The Power of Public Space

Throughout the 1960s, emerging trends in art movements in Britain and America seemed to share a common pursuit towards transcending the boundaries of the picture frame. With works such as the Land Art of Robert Smithson (Figure 1) and Christo and Jean Claude (Figure 2) embracing the physical environment as their canvas, at the same time conceptual art stripped the value of the art away from the object itself, described as ‘dematerialising the object’ (Lippard, 1997). These artists resisted the commodification of the art object, propelling their artwork into the public domain. In post-WWII Britain, the Festival of Britain and the installation of sculpture in the reconstructed areas of London included sculptures by highly esteemed artists who were commissioned by the London County Council in order to instil a sense of community into the fractured hearts of post-war Londoners (Jolivette, 2008). These movements resist the institutionalisation and exclusivity of artworks by positioning the artwork within the public domain, and resist notions of art ownership by autonomising art outside of the museum/gallery space (Lippard, 1997). I aim to consider resistance of the limitations posed by the picture frame and how this resistance has resulted in an embrace of public spaces. In considering the power of public space, in this brief essay I aim to reveal how positive utilisation can liberate individuals, construct communities and initiate conversation. This topic is inspired by my week’s placement at the Research and Cultural Collections department within the University of Birmingham, and a distinguished lecture for the Liberal Arts and Natural Sciences department.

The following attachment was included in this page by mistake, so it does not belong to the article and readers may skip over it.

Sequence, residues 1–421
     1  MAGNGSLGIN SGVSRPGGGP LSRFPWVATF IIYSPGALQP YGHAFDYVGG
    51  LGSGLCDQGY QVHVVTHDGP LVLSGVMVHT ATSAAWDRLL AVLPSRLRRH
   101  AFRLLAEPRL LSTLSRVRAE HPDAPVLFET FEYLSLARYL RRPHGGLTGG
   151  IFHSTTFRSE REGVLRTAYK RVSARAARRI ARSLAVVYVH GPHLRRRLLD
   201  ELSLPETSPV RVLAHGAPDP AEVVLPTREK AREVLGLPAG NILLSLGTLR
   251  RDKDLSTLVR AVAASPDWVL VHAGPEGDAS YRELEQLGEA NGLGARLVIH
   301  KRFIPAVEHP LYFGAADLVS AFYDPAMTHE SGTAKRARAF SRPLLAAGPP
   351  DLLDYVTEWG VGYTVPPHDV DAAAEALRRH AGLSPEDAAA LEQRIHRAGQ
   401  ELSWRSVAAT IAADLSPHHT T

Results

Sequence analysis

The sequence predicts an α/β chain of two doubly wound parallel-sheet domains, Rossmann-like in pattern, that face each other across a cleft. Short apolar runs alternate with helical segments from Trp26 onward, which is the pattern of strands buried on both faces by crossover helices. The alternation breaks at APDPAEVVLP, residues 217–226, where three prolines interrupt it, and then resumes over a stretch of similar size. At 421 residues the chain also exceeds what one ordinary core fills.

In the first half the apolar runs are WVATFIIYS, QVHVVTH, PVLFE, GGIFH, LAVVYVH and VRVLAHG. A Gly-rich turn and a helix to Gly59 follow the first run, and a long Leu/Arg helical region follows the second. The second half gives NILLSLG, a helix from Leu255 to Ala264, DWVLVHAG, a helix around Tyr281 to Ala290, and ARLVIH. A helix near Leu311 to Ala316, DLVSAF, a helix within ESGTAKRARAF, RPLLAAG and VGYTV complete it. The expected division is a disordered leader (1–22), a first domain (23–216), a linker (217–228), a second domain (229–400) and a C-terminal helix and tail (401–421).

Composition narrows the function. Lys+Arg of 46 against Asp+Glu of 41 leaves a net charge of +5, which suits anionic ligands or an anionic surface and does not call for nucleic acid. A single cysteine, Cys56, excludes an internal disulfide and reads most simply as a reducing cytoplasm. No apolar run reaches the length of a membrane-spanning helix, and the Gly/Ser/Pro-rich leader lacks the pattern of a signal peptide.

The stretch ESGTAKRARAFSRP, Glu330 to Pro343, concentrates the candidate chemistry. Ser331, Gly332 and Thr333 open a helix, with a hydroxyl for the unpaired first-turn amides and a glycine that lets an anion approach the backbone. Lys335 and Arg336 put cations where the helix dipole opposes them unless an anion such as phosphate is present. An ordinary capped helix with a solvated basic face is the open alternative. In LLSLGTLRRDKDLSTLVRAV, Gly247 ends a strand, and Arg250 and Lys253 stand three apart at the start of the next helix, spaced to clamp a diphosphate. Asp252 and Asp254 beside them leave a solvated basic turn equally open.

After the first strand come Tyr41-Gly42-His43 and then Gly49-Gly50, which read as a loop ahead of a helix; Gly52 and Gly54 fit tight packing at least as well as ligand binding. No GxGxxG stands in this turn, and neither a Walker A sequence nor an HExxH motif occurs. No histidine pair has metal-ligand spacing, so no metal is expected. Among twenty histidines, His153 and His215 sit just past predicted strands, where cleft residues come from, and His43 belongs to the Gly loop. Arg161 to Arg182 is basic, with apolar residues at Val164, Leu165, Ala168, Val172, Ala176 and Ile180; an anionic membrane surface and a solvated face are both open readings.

Bronwen Roberts

My interest in the power possessed by public spaces was first sparked by a lecture given by Rosie Stanbury, the Head of Public Programmes at the Wellcome Collection. Rosie’s lecture, titled ‘Unexpected connections: Different disciplines in public space’, uncovered the beauty of the anonymity and freedom that public space facilitates. Rosie argued that public spaces force you to look upwards and forge a relationship with your physical environment, however she stresses that technology possesses the power to threaten human connections with the public sphere. Mobile phones have disrupted our relationships with our physical environments by giving the individual the illusion that they are within a private space, described by Rosie as a ‘bubble’, despite being physically present in the public domain. The Wellcome Collection’s approach to liberating individuals within public spaces was embodied for me in one of the events described by Rosie, their Open Platform programme held in the Wellcome Collection library. The Open Platform programme entails planned pop-up events within the public space of the library that were not advertised or promoted beyond the collection staff. Thus visitors to the library were entirely surprised when they were approached and invited to partake in an hour long workshop, activity, or event and were able to immerse themselves within the temporality of this public interaction. The disparate members of the public who were united as the audience to the pop-up event thus shared an instantaneous connection with one another. Rosie discussed how the audience members felt liberated by the anonymity and spontaneity of the events, with individuals forging connections with strangers and embracing this opportunity of escapism.